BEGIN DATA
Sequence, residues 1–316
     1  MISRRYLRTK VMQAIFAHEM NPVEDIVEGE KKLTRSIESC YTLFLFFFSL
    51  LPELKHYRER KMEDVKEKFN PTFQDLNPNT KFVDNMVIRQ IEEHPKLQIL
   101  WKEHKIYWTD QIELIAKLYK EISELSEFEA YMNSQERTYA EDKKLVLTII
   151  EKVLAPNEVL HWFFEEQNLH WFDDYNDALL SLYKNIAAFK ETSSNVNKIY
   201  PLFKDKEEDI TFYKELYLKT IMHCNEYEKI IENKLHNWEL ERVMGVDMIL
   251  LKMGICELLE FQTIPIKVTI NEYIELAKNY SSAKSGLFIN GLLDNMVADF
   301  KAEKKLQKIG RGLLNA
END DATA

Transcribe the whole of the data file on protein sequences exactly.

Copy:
Sequence, residues 1–316
     1  MISRRYLRTK VMQAIFAHEM NPVEDIVEGE KKLTRSIESC YTLFLFFFSL
    51  LPELKHYRER KMEDVKEKFN PTFQDLNPNT KFVDNMVIRQ IEEHPKLQIL
   101  WKEHKIYWTD QIELIAKLYK EISELSEFEA YMNSQERTYA EDKKLVLTII
   151  EKVLAPNEVL HWFFEEQNLH WFDDYNDALL SLYKNIAAFK ETSSNVNKIY
   201  PLFKDKEEDI TFYKELYLKT IMHCNEYEKI IENKLHNWEL ERVMGVDMIL
   251  LKMGICELLE FQTIPIKVTI NEYIELAKNY SSAKSGLFIN GLLDNMVADF
   301  KAEKKLQKIG RGLLNA